3. One of the things I have noticed in my life that there exists an extremely destructive dynamic within humanity. There is a group of people. One person acts in an unacceptable way. People are upset, but don’t do anything. They complain, but never confront the person. Another person finally does, often after canvassing everyone that they agree this person’s actions are a problem. Confrontation happens. The first person begins to act even worse, but blames the second person because of it. All of a sudden, the narrative is not that the first person is a jerk. The narrative soon becomes the second person’s confrontation of the first person is causing the problem, and everyone sand bags the second person in the hope it will pacify the first person.

    It makes no sense whatsoever, but I see it happen time and time again. It seems to be a variant of the strong horse theory. People know the jerk is so awful and has no shame, and therefore will continue to always be a jerk. There is no leverage on the first person. The second person is much more reasonable. Therefore, all pressure is put on the second person to stop the confrontation, thus letting the first person triumph – despite everyone agreeing the first person needs to stop. They seem to think by sacrificing the only person brave enough to confront the jerk, they’ll save themselves.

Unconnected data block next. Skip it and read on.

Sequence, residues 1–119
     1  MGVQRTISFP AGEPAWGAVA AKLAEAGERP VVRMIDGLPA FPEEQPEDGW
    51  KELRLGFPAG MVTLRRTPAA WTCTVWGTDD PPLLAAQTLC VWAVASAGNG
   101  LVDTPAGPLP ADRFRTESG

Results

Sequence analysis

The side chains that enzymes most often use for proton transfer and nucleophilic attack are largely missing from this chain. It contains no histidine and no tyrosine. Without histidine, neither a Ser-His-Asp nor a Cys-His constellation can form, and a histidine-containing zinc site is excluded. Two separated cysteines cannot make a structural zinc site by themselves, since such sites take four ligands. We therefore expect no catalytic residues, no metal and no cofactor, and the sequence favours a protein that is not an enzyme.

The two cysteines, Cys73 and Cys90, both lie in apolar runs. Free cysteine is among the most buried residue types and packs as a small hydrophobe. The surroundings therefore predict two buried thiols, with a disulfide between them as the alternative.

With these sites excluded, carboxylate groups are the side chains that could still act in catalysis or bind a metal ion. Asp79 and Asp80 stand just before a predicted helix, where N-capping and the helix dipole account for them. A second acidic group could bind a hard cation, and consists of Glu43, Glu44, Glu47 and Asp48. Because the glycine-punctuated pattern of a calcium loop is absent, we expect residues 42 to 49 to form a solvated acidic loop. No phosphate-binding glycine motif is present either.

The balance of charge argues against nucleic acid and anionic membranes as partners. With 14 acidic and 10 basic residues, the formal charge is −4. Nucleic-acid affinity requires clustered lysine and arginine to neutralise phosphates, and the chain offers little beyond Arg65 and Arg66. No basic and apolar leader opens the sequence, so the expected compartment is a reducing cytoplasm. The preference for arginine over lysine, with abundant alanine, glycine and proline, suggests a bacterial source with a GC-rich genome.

This is often displayed in politics, and not just personal life. The Israeli-Arab dispute is the classic international example of this. But the Putin-Ukraine dispute has the same dynamic. The EU has more leverage over Ukraine, than Russia, so they are putting the pressure on Ukraine.

    However, as an oligarch – even one of chocolate – Poroshenko knows how this game is played. One can’t rise to the top of business in the former Soviet world and not be made of tough stuff. As long as Poroshenko is just as much of a jerk as Putin, he may be able to escape the dynamic.

    Comment by Chris — July 14, 2014 @ 11:47 am